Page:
A Metaphor

Other people ignored the meows and some, including myself, watched not knowing what to do in this situation.  A young woman and her boyfriend approached, she pulled out a small container of cat food.  She opened it up and gave it to the meowing cat, and even offered water.  Was she a local?  Did she know about this newborn kitten?  Did she carry around cat food at all times for the other stray kittens found on the island?

Thoughts rolled through my head as I watched this.  Here was the metaphor. Some people may care for these individuals, but don’t know how to help. There is sympathy. They care, don’t want them to further worsen their lives, get hurt, or wind up in hopeless situations.  They push them away hoping tough love may serve them best, or others will deal with the problem.   Others either ignore the problem or some helplessly observe.  And thankfully there are others who offer support in however they know how, like donating food, water, or maybe some cash until life gets sorted.  Some even give there time to the cause with local organizations.  


 There was an interesting youtube video I watched about a man from an Irish church who flew with other volunteers from his church to help for several days refugees.  It was only several days long, but he connected with other people who were volunteering in Lampedusa longer with another church organization.  At least his video brought to light another side of how some Europeans are responding to this situation.  Instead of boycotting an island which is dealing with an influx of refugees, what other ways can we serve? How can we serve?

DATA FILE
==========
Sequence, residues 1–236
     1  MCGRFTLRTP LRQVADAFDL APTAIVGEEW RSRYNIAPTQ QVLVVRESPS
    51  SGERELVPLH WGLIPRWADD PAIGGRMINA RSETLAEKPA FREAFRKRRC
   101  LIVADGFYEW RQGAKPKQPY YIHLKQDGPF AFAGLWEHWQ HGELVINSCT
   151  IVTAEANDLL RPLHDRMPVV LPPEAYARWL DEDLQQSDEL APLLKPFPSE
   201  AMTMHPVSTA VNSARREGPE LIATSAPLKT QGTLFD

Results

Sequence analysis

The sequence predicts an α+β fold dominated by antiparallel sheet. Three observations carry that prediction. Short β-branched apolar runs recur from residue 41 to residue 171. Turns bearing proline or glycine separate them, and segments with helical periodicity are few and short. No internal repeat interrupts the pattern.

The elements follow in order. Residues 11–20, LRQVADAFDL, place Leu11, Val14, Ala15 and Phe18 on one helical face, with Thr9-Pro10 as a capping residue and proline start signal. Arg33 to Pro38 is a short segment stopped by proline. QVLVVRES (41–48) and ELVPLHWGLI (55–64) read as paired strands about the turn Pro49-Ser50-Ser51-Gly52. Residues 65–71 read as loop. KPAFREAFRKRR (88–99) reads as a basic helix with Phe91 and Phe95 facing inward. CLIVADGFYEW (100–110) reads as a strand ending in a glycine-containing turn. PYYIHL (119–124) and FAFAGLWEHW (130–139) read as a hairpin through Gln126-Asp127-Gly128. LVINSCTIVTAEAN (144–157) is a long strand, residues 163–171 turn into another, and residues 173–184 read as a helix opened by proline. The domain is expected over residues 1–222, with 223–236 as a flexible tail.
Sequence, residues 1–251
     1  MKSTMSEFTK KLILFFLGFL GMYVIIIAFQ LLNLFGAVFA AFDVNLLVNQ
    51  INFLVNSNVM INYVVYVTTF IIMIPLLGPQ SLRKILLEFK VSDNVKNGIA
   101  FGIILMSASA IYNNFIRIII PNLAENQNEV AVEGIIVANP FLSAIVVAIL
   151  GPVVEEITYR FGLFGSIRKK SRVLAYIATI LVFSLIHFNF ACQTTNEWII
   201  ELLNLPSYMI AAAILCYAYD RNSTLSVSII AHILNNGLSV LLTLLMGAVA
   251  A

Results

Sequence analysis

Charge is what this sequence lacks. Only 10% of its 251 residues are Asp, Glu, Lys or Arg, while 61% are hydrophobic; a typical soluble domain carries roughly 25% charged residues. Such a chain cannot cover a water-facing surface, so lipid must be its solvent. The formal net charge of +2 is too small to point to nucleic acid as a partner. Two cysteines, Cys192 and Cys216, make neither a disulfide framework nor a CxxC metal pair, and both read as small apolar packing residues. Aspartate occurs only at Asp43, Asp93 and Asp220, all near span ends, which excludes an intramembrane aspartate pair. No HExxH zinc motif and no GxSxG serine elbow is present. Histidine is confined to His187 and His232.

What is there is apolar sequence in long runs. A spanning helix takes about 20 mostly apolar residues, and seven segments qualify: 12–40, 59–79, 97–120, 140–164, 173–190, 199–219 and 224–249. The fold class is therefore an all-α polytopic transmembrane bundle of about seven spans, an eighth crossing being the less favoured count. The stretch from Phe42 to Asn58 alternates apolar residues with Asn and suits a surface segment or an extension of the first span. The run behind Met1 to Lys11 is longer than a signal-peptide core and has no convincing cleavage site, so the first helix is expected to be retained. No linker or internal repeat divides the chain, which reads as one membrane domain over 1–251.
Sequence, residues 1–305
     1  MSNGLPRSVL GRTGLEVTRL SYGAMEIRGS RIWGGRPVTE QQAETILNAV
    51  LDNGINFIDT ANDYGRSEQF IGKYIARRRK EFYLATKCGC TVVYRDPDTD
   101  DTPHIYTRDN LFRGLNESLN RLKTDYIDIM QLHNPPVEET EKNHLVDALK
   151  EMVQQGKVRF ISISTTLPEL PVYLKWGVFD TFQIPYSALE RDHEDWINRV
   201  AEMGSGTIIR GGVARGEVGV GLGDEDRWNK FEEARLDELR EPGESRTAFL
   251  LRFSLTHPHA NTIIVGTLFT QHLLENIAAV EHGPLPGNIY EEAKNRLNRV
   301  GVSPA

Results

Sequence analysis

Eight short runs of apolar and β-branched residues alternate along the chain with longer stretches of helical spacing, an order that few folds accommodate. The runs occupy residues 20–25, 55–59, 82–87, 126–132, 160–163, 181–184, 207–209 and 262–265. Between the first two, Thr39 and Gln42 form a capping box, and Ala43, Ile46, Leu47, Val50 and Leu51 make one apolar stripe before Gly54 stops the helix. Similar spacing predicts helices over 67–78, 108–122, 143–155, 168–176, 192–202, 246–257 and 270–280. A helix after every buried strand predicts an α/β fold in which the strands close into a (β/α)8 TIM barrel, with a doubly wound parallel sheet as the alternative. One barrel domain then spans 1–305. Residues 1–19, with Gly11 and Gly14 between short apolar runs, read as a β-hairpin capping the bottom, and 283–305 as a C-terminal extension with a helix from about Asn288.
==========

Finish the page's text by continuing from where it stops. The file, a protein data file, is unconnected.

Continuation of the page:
I don’t have the answer. But I wanted to share this side.  Yes there is a side of humble and exquisite beauty that exists on the island, but there is this other face that exists as well. There is a sense of compassion on the island. Compassion should not be boycotted.  

Reflections for ourselves and ancestors

It’s such struggle to live in a land that you don’t speak the language or not know a soul. I have lived in four countries and have travelled to 64 territories and 53 countries.  My journey is more from a sense of adventure than desperation.  I am educated, privileged, hold an American passport, and am from a land that I do not “have to flee.” I simply chose to leave the past ten years in order to experience and immerse myself in the world.  Living abroad has the capacity to humble you, if you let it.  

As you take a stance on the refugee status, reflect on how your ancestors came to the land you are residing on.  What was their pilgrimage like?  How did others treat them? How did they overcome this?  What did they hope would be different?  Who were the people that helped them adjust to life in the new land?  Can you look at refugees in your land or others with the same eyes as you would your ancestors?  


*For info on the Forbes article I mentioned, check this out.

Read this previous blog post about preparations for a pilgrimage

For on a person’s experience assisting with the refugees, as mentioned earlier